Nation

Yosemite fire threatens forests, residents

Firefighters along Highway 120 continued to battle the fierce Rim Fire near Yosemite National Park, Calif., on Sunday.
Jae C. Hong /Associated Press
Firefighters along Highway 120 continued to battle the fierce Rim Fire near Yosemite National Park, Calif., on Sunday.

GROVELAND, Calif. — As an intense wildfire races across the vast, picturesque Sierra forests, residents in the fire’s path are moving animals and children to safety.

Firefighters are working to keep the fire north of Yosemite National Park out of mountain communities.

The fire has moved northeast away from Groveland, where smoke gave away to blue skies Sunday. But at the Black Oak Casino in Tuolumne City, the slot machines were quiet as emergency workers took over nearly all of the resort’s 148 hotel rooms.

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Hundreds of firefighters were deployed Sunday to protect Tuolumne City and other communities in the path of the Rim Fire. Eight firetrucks and four bulldozers were deployed near a ranch on the west side of Mount Baldy, where two years of drought have created tinder-dry conditions.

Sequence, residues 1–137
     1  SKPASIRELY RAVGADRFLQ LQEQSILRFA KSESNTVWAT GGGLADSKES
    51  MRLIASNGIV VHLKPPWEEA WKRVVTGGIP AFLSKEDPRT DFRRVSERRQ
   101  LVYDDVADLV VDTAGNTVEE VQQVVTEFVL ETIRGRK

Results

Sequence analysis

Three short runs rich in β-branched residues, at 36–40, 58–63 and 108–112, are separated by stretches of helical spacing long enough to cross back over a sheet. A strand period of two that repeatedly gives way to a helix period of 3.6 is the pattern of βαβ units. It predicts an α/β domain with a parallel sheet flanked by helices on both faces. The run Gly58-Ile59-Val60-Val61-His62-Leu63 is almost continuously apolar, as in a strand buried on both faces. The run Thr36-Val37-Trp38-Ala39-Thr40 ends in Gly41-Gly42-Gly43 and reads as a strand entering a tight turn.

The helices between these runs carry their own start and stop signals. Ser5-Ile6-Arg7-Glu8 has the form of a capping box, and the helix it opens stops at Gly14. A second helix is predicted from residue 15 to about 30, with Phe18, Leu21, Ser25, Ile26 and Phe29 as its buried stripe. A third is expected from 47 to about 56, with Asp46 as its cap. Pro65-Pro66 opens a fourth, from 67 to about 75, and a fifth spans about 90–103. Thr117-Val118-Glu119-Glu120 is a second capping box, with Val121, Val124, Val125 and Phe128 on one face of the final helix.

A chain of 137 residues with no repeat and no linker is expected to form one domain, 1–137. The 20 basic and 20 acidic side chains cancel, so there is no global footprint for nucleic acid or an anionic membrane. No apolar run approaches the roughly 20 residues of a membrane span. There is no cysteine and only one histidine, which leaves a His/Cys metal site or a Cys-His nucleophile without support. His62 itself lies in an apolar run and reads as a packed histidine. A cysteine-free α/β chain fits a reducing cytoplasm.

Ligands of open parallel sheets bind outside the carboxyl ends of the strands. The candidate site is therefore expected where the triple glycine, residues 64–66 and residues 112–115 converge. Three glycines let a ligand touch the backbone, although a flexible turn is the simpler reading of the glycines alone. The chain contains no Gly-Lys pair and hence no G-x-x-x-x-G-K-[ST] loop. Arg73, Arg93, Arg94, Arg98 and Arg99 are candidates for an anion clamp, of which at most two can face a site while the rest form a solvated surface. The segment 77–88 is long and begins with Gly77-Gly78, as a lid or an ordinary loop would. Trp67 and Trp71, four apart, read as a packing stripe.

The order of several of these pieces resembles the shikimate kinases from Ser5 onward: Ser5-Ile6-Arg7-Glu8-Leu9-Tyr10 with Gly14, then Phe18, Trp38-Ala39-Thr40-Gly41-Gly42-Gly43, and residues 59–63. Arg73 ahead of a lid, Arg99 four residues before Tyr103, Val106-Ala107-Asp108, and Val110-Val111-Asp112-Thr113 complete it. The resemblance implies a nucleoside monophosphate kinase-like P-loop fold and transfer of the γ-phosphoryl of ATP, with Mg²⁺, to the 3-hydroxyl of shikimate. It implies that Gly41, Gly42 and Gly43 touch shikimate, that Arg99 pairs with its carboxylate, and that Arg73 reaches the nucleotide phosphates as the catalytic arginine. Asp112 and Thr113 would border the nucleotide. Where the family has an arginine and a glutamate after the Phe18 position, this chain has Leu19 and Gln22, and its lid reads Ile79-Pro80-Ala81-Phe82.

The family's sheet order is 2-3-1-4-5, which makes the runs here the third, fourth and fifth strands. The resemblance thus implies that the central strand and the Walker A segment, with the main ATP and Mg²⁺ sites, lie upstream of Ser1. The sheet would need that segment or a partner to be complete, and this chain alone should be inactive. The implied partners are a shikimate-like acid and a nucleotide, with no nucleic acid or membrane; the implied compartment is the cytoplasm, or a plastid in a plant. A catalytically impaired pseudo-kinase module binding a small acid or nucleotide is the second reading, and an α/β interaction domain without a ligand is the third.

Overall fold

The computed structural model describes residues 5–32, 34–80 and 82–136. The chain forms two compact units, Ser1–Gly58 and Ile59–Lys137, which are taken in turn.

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‘‘Winds are increasing, so it’s going to be very challenging,’’ said Bjorn Frederickson, a spokesman for the US Forest Service.

The fire continues burning in the remote wilderness area of Yosemite, but park spokesman Tom Medena said it is edging closer to the Hetch Hetchy Reservoir, the source of San Francisco’s famously pure drinking water.

Despite ash falling like snowflakes on the reservoir and a thick haze of smoke limiting visibility to 100 feet, the quality of the water piped to the city is still good, said officials with the San Francisco Public Utilities Commission.

The hydroelectric power generated for the city by the system has been interrupted by the fire, forcing the utility to spend $600,000 to buy power on the open market.

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Park employees are continuing their efforts to protect two groves of giant sequoias that are unique to the region by cutting brush and setting sprinklers, Medena said.

The fire has consumed more than 209 square miles of picturesque forests. Officials estimate containment at just 7 percent.

Associated Press